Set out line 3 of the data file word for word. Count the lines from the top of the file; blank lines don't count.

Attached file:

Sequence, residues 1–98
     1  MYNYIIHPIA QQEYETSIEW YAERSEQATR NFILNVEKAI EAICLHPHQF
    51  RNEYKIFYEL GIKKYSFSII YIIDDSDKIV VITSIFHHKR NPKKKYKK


    51  RNEYKIFYEL GIKKYSFSII YIIDDSDKIV VITSIFHHKR NPKKKYKK